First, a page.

TAMPA — Off the crack of the bat, Gleyber Torres charged in from shortstop, fielding a slow chopper and firing a bullet toward first base all in one fluid motion. As the toss caromed off a plywood figure propped up adjacent to the first base bag, Torres threw his up arms in celebration.
Torres stood alone at shortstop during Friday's defensive drills at Yankees camp, cracking jokes with his teammates lined up at other spots around the infield while locking it in when it was his turn to make a play.
After struggling defensively in his first season as the Yankees' full-time shortstop, the 24-year-old worked hard this offseason to improve at the position. In fact, Torres started taking ground balls and making adjustments just two weeks after New York was eliminated from the postseason last fall.
"Overall, it was not really a good year for me," Torres said in a Zoom call on Friday. "I learned a lot of things and this year, I'm preparing myself during the offseason. I took many ground balls and I'm just trying to be confident in myself and my play defending my position."
Fresh off the departure of Didi Gregorius, Torres entered last spring as the franchise's starting shortstop. Then, Torres proceeded to make five errors in 13 spring training games before Major League Baseball was halted due to the pandemic.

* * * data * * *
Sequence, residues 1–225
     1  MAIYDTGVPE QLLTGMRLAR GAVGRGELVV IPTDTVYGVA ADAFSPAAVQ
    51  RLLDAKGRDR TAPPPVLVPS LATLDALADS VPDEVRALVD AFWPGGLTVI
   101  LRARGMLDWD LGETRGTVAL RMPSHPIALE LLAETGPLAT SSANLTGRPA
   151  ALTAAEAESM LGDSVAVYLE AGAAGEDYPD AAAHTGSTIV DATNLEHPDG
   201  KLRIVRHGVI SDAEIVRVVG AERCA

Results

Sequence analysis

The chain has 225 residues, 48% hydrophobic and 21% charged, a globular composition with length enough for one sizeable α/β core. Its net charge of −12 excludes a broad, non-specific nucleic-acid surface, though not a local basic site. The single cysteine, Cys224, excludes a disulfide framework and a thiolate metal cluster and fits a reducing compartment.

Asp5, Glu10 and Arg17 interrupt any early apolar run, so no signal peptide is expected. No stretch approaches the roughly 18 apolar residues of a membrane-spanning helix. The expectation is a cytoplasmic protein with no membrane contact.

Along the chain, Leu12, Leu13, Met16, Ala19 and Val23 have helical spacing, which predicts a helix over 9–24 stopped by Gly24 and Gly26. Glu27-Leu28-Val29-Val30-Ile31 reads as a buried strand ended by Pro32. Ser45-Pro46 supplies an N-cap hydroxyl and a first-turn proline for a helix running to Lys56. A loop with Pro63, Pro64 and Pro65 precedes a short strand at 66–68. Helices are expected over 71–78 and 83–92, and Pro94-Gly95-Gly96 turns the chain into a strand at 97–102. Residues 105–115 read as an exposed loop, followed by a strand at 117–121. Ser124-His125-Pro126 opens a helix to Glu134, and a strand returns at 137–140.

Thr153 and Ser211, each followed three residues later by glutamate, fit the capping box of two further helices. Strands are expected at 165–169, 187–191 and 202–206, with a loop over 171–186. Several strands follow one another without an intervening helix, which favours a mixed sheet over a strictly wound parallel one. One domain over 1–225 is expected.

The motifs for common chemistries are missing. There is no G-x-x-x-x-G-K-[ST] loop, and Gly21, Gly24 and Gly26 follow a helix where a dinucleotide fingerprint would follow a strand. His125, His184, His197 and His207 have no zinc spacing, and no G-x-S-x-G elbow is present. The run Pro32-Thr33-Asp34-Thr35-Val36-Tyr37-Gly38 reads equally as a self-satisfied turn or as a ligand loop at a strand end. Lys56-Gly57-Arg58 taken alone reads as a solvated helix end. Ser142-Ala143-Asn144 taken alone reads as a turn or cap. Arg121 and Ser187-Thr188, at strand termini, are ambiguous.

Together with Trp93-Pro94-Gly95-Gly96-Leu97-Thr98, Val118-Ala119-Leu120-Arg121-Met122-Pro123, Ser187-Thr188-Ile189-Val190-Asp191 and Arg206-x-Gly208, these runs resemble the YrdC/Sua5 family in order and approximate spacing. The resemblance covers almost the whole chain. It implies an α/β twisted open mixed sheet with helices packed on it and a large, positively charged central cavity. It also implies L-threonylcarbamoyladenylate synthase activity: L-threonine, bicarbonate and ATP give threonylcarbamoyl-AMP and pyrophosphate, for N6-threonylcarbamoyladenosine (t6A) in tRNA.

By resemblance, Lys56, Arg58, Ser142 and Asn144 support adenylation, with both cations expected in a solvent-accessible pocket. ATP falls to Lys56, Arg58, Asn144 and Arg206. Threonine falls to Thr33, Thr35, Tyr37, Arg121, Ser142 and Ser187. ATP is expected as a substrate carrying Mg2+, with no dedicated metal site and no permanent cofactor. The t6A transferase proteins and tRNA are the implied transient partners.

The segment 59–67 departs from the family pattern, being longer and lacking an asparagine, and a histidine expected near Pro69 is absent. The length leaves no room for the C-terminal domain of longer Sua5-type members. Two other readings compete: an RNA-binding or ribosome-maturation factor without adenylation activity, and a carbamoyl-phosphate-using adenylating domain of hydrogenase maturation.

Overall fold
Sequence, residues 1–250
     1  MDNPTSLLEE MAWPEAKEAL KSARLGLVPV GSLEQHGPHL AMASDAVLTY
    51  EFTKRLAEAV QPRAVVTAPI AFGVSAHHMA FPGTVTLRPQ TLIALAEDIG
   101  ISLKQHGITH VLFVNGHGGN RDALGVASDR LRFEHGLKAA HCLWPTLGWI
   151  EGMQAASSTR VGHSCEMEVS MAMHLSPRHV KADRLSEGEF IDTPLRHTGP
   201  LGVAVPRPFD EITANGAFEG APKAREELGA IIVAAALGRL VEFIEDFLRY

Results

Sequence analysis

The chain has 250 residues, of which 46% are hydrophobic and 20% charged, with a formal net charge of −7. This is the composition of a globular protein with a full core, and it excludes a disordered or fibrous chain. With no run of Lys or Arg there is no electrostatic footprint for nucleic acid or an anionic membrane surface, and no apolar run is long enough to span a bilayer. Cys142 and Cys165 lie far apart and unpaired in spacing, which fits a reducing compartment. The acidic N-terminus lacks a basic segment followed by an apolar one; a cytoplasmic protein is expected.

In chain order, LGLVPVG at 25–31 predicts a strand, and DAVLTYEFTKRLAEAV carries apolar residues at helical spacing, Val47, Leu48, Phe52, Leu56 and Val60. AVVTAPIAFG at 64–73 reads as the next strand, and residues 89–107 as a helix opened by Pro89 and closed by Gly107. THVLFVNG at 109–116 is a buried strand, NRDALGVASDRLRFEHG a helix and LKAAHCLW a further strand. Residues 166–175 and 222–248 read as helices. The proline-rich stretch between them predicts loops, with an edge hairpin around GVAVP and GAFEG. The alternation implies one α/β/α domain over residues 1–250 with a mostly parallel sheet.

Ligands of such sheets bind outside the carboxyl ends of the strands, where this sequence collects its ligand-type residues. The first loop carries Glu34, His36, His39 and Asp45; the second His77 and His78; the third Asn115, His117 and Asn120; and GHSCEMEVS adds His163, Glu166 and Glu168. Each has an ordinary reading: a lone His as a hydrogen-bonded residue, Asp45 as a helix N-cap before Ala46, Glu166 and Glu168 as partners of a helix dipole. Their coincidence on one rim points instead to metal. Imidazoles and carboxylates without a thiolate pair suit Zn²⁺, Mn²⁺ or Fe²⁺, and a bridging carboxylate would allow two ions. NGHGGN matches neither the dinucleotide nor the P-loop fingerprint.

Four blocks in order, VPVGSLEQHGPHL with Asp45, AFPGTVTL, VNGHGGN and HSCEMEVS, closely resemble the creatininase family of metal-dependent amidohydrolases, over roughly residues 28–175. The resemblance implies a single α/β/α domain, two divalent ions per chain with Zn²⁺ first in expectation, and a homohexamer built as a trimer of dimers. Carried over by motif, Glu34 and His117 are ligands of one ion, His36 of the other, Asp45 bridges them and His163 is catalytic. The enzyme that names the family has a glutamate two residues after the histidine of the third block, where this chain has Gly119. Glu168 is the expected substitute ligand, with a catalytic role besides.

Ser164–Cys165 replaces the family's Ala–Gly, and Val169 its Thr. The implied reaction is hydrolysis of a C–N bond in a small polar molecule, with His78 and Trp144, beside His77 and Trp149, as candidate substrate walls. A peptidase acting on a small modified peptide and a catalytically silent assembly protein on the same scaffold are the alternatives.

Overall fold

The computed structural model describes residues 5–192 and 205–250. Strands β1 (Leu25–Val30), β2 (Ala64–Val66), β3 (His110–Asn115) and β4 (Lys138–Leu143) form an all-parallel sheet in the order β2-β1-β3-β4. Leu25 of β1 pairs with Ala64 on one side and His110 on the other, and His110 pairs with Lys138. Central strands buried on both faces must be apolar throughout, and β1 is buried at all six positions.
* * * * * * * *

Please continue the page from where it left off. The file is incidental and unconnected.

Once the regular season began, the miscues at shortstop continued. Torres finished the shortened campaign with nine errors, making six over his first 21 games played.
While it's no excuse, Torres recalled that part of the reason for his lack of production—both on offense and defense—was that facilities were closed during MLB's COVID-19 hiatus (not to mention the mental challenge of staying ready in the midst of unprecedented circumstances). Yankees general manager Brian Cashman said last summer that Torres returned to the team out of shape as summer camp began. Factor in a pair of leg injuries midway through the season, and the phenom wasn't able to get going until the regular season was coming to a close.
Asked this week about how Torres looks so far this spring, Yankees manager Aaron Boone was overjoyed at the progress the shortstop made over this winter.
"He looks great," Boone said. "He's in great shape, and if you guys get a chance to see him up close, he looks good. He's moving well and I'm excited to see what he's going to go do for us."
New York's bench coach Carlos Mendoza, who works closely with the club's infielders, echoed those sentiments.
"He worked really hard during the offseason and you can see it with the way he's moving right now," Mendoza explained on Friday. "I go back to last year towards the end when he developed a really good routine, his preparation, and he just carrying it over. The attention to details, just being excellent at making the routine plays, the details, the way he prepares and you could see it on the early going. So we're very pleased with where he's at right now."
The shortstop made only three errors over the final month of the regular season and just one miscue in seven postseason games. That's not perfect, but showed he had taken steps in the right direction as the year progressed.
Torres mentioned that his goal is for pitchers in pinstripes to have confidence in him at shortstop, not worrying about balls being booted that come in his direction. With a new mentality after a long offseason, Torres is ready to start showing those improvements.
"The past is the past," he said. "I'm preparing myself right now and trying to get ready to play and help my team. Last year was tough for everybody. [It's time to] forget that and go into the future."
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